the anatomical location and nature of the insult. Thus, in superficial (e.g., cutaneous) tissues VR1 activation might result from acute elevations in temperature or reductions in pH, whereas in visceral or deep somatic tissues (where temperatures are unlikely to reach the "noxious" level of 43 C) changes in pH are more likely to drive VR1 activation. These scenarios do not preclude the existence of other modulators of VR1 activity, such as novel VR1 agonists or proalgesic agents (e.g., bradykinin and prostaglandins) that could alter vanilloid receptor function indirectly via second messenger signaling pathways (Levine and Taiwo, 1994). Moreover, channels other than VR1 may contribute to the thermal and chemical sensitivity of primary afferent neurons. Following tissue injury, the magnitude of VR1 responses is likely to reflect the combined effects of protons and temperature (Figure 8). We have shown that in the context of a normal ambient thermal stimulus (i.e., 37 C) moderate reductions in pH can activate VR1. This interaction would be expected to facilitate pain responses and/or autonomic reflexes during relatively mild acidosis in ischemic or inflamed tissues. Reductions in pH that accompany tissue injury would also be expected to enhance the responsiveness of those tissues to exogenously applied thermal stimuli. In fact, the augmentation of VR1 thermal responsiveness by protons shows a striking resemblance to the increase in cutaneous nociceptor thermal sensitivity associated with inflammation (Fields, 1987; Dubner and Basbaum, 1994; Meyer et al., 1994). In both cases, there is a significant decrease in the threshold for heat-evoked responses and an increase in response magnitudes at temperatures above the initial "pain" threshold. Given these parallels, modulation of VR1 activity may serve as a useful model system with which to analyze the molecular basis of the sensitization of nociceptors that contributes to the development of allodynia and hyperalgesia.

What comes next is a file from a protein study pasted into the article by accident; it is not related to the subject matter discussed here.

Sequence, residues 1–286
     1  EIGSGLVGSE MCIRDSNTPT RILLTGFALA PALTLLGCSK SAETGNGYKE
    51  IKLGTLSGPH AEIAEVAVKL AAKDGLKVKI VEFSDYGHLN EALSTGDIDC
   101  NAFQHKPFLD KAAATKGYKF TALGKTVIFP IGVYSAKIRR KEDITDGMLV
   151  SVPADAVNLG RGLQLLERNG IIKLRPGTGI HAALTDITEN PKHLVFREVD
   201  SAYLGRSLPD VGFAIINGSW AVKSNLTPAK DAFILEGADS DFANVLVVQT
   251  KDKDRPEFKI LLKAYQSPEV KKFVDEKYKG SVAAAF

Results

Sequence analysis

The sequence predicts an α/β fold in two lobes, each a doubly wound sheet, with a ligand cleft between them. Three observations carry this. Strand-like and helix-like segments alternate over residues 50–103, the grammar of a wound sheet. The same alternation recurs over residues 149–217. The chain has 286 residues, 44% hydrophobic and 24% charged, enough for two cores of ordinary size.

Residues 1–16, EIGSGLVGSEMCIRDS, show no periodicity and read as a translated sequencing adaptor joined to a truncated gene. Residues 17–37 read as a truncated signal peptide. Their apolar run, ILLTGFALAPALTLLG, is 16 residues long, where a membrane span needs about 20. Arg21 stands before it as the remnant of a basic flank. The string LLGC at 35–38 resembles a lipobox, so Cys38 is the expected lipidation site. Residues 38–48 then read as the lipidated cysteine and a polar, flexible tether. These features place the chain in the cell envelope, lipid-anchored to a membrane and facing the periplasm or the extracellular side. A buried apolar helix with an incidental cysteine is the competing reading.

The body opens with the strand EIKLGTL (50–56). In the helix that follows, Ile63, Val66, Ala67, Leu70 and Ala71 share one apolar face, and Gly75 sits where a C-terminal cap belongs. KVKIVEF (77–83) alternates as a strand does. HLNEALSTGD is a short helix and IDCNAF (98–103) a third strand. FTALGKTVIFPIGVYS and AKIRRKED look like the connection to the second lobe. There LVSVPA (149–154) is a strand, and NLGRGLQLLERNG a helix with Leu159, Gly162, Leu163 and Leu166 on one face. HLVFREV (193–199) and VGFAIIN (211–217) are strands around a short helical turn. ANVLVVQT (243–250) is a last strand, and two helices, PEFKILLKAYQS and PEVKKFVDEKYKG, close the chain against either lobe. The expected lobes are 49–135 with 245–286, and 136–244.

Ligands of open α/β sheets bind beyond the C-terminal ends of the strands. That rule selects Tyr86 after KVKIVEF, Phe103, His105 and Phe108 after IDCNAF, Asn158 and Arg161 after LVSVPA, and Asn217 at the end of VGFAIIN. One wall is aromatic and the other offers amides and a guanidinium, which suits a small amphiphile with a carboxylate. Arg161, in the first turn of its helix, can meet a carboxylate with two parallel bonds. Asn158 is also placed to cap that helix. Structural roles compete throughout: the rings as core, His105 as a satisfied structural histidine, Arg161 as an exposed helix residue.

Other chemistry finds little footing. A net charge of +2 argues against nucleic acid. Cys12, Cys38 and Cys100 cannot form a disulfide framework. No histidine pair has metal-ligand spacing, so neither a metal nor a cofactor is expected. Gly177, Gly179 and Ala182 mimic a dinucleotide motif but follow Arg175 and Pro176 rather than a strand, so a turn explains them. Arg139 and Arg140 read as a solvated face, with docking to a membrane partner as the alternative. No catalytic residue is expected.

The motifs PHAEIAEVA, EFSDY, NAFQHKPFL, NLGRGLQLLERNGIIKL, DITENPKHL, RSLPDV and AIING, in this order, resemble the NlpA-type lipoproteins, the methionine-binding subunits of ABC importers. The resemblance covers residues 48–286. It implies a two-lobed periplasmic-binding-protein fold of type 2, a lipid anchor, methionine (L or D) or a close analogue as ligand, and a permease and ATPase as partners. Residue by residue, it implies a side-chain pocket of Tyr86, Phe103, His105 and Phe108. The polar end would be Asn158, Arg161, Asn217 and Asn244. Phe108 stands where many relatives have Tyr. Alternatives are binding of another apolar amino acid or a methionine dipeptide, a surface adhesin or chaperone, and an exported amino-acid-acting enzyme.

Experimental Procedures Mammalian Cell Electrophysiology Patch-clamp recordings were carried out with VR1-transfected HEK 293 cells in whole-cell, inside-out, and outside-out configurations